Government revises Care Act guidance after Supreme Court loss

Ordinary residence guidance updated following judgment in the case of R (on the application of Cornwall Council) v Secretary of State for Health

The Supreme Court of the UK
The Supreme Court (Photo: Jonathan Hordle/Rex/Shutterstock)

The government has updated the Care Act statutory guidance after it lost a Supreme Court case on ordinary residence disputes.

The Department of Health has reviewed and updated the guidance following the Supreme Court judgment in July in the case of R (on the application of Cornwall Council) v Secretary of State for Health.

The updates, which can be read from paragraphs 19.17 to 19.43 of the guidance, set out changes in the approach that should be used to determine ordinary residence or disputes between councils in relation to adults who lack capacity to decide where to live and looked-after children who are transitioning to certain adult social care services.

Updated guidance on ordinary residence

Community Care Inform Adults users can benefit from up-to-date guidance on ordinary residence under the Care Act by accessing our dedicated guide to this topic, updated to take account of the changes to the statutory guidance in light of the Cornwall case.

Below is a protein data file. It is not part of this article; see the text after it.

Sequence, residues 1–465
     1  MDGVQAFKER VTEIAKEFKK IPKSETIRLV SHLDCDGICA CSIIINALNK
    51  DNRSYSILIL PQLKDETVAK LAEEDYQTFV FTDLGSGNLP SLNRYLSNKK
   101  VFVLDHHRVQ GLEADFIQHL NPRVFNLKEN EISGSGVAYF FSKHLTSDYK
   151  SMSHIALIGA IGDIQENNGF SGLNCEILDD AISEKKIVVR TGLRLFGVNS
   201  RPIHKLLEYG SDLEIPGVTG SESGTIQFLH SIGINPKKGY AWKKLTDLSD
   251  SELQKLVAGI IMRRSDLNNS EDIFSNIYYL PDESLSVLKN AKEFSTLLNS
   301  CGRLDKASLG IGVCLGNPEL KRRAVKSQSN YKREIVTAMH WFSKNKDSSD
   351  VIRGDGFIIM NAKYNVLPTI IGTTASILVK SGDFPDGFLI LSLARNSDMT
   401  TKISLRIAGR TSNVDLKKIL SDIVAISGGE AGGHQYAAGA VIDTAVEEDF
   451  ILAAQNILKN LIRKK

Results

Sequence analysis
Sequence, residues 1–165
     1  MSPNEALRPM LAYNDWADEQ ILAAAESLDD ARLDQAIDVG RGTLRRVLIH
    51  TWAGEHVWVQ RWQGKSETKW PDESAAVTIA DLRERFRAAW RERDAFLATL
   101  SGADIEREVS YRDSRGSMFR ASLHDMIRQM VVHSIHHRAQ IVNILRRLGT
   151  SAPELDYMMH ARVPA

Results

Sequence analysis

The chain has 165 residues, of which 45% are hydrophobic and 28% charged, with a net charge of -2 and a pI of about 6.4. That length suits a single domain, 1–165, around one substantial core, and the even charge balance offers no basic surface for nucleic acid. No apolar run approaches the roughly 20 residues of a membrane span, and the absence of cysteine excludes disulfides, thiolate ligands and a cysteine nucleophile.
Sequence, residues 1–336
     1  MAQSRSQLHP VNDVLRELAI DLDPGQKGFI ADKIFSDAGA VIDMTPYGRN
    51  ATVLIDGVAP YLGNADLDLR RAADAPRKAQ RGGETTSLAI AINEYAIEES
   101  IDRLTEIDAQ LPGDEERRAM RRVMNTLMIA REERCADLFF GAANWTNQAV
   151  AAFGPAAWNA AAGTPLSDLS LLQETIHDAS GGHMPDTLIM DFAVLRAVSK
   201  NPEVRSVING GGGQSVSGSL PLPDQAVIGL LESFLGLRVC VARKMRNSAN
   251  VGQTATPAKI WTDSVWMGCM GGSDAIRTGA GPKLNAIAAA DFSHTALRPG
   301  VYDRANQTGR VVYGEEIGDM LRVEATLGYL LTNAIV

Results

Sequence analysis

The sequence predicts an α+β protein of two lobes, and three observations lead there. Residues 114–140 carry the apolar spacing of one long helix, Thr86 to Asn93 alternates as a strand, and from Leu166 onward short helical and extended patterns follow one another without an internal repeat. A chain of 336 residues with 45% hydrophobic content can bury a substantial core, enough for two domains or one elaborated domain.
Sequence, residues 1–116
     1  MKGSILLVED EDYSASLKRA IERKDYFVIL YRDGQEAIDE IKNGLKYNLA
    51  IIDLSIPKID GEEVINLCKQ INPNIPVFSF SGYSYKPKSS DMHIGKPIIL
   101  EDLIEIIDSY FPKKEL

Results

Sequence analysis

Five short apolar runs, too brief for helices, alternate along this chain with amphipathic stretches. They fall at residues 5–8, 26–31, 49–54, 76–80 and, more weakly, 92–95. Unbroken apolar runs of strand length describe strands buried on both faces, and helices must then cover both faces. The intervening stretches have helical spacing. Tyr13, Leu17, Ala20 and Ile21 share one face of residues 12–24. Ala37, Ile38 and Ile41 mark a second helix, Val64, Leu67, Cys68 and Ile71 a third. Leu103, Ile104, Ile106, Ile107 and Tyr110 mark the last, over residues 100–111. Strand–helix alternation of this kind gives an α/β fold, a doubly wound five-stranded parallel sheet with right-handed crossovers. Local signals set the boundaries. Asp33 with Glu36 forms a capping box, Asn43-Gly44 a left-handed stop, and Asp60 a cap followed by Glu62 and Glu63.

In the Cornwall case the court rejected the health secretary’s determination of the ordinary residence of a disabled man – known as PH – who lacked capacity to decide where he lived.

The case considered which of three authorities – Wiltshire, Cornwall or South Gloucestershire – should be responsible for the £80,000 annual costs of PH’s care in a Somerset care home.

In ruling that PH was ordinarily resident in Wiltshire, the Supreme Court judged that the secretary of state had misapplied the law in determining that Cornwall was responsible for his care.

The case was judged in line with the law set out in the National Assistance Act 1948. The law has been updated by the Care Act 2014 and ordinary residence determinations made after April 2015 are governed by the new law.

You can read more about the Supreme Court case here.

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